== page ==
The NHS Risky Rectangle: a Bermuda Triangle for hospitals?

NHS acute trusts vary widely in quality. It’s quite easy to spot the good ones – they appear regularly in the media, they win awards and they are famous as organisations. It’s certainly not always the case, but an appetite for attention tends to indicate an organisation that is proud of what it does and where staff have confidence to talk about what they are doing right – as well as a press office and management team happy to let them. Their ranks include Cambridge University Hospitals, King’s College Hospital, Salford Royal, Great Ormond Street, The Christie and University College London Hospitals.

These are familiar names, but the general public is unlikely to be so familiar with those trusts which perform poorly. They might get discussed in off-record briefings, but it has almost seemed like a breach of NHS etiquette to name names – until things go very badly wrong, at which point the likes of Mid-Staffordshire become a by-word for what’s wrong with the NHS. For the media, it is a lot easier to write about successful trusts than poorly-performing ones, if only because it is easier to get interviews from the former. But it’s those trusts that look risky yet are not notorious that we most need to know about – to allow patients a better-informed choice on whether to use them, to help their staff speak out about problems and to put public pressure on their managers to improve.

Last week saw this identification get rather easier, with the publication of the Care Quality Commission’s categorisation of England’s acute healthcare providers by risk of providing poor care. The familiar names mentioned earlier are all in bands 5 and 6, the least risky. There are few familiar names among the 24 in Band 1, the highest risk – one of the exceptions being South London Healthcare NHS Trust, which has recently been split up between neighbouring trusts.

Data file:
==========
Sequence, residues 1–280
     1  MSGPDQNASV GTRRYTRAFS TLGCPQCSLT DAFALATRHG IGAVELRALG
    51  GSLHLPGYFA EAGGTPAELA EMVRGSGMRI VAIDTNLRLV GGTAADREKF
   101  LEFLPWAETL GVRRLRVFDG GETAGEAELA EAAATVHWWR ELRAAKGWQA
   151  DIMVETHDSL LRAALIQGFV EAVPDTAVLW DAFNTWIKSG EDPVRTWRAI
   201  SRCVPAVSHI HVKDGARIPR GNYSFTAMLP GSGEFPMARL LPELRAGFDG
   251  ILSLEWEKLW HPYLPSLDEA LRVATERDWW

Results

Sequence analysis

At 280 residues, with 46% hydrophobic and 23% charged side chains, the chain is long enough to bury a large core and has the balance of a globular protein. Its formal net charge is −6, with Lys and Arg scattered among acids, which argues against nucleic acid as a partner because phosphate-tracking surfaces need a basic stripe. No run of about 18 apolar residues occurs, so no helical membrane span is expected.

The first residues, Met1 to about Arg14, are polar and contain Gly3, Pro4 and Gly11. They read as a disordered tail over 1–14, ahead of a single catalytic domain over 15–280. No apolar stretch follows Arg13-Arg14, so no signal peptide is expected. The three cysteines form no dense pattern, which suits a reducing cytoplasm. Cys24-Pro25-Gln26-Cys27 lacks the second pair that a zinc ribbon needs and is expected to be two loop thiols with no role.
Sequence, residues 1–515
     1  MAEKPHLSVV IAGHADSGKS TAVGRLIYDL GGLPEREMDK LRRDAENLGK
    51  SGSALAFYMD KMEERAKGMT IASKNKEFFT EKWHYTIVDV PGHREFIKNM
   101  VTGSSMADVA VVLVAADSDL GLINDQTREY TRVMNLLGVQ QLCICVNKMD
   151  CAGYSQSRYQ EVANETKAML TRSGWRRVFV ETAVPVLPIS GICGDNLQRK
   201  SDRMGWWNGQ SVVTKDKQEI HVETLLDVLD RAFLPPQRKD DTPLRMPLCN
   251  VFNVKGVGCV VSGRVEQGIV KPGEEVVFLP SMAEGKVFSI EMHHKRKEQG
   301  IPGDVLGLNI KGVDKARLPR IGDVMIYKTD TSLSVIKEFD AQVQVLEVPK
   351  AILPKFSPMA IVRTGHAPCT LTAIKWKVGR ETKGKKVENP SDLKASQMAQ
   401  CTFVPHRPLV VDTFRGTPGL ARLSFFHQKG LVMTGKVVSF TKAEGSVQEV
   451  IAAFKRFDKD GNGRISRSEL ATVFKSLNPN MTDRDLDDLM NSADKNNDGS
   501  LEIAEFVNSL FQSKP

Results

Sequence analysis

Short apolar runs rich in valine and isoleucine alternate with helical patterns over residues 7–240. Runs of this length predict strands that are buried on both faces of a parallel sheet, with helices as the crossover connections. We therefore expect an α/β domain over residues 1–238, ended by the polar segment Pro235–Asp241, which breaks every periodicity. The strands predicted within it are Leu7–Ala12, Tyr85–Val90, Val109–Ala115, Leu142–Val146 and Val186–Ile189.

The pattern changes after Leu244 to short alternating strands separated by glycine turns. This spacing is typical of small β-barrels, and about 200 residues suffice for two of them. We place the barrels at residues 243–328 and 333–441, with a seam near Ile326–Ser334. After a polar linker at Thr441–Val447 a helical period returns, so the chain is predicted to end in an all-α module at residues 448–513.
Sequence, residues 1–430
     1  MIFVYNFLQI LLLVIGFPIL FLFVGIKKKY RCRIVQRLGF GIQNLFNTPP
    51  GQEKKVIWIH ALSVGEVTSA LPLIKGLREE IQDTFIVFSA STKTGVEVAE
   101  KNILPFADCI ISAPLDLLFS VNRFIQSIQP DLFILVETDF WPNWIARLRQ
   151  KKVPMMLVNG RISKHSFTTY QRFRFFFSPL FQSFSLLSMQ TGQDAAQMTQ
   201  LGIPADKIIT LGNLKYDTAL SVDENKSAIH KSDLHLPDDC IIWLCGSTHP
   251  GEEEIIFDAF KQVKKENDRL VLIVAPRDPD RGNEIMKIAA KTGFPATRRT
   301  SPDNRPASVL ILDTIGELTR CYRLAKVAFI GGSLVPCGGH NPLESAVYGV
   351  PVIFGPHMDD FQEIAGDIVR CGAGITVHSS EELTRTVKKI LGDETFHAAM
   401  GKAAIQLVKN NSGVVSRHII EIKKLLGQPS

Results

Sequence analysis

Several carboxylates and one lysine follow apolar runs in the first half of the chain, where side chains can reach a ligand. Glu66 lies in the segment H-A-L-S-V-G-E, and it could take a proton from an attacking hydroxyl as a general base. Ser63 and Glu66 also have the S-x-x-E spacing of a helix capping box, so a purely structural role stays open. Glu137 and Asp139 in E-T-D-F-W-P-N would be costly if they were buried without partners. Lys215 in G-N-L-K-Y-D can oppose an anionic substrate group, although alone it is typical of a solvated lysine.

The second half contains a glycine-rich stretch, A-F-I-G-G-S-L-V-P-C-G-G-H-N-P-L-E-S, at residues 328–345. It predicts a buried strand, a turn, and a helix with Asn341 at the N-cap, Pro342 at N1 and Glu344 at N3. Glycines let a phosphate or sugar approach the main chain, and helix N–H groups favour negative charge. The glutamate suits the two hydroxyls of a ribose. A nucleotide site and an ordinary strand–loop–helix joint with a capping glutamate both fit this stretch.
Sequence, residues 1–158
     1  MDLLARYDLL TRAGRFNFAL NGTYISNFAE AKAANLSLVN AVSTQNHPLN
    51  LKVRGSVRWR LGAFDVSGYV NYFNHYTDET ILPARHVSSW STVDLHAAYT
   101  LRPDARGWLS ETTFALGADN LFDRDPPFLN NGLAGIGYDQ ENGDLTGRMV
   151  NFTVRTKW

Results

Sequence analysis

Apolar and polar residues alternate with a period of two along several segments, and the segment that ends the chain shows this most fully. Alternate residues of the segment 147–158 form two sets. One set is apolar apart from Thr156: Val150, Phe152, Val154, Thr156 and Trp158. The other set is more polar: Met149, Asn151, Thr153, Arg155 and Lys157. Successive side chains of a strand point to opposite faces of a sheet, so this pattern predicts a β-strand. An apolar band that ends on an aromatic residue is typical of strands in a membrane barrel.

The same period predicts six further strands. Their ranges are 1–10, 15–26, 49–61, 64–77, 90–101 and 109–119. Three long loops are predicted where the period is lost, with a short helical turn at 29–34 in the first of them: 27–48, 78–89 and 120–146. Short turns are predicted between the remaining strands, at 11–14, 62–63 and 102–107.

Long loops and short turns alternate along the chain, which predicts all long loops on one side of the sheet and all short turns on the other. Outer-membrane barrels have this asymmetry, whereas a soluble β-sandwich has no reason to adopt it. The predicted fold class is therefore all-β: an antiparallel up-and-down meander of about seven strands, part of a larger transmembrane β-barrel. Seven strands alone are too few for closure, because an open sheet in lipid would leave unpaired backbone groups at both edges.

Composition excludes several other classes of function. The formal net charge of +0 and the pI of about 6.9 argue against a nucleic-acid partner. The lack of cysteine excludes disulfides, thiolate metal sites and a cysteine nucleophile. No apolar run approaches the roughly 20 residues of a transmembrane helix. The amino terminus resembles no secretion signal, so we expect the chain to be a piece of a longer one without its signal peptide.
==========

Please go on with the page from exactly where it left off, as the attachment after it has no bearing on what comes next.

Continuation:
But unless they are your local hospitals, you would be forgiven for not having heard of the following: Burton Hospitals, George Eliot Hospital in Nuneaton, Northern Lincolnshire and Goole Hospitals, Sherwood Forest Hospitals and the Queen Elizabeth Hospital King’s Lynn. These are the five the CQC believes present an elevated risk, “due to known serious concerns”. Sherwood Forest has on occasion talked about its work with Unipart on redesigning processes; the others have pretty low profiles.

That deserves to change, not least because all five are in a rectangle of mainly rural eastern England marked out by the Wash, Spaghetti Junction, Leeds and the Humber. As well as all the five with elevated risk, the NHS Risky Rectangle also includes several big trusts in Band 1, including Leeds Teaching Hospitals, United Lincolnshire Hospitals and University Hospitals of Leicester. Residents of Lincolnshire, in the centre of this area, look to have a tougher job than most in finding a hospital not on the CQC’s critical list.

The CQC has done the right thing in publishing this list, and now others need to start asking questions of the trusts in the lowest bands. They deserve to be more famous; better that, than any of them later becoming infamous.

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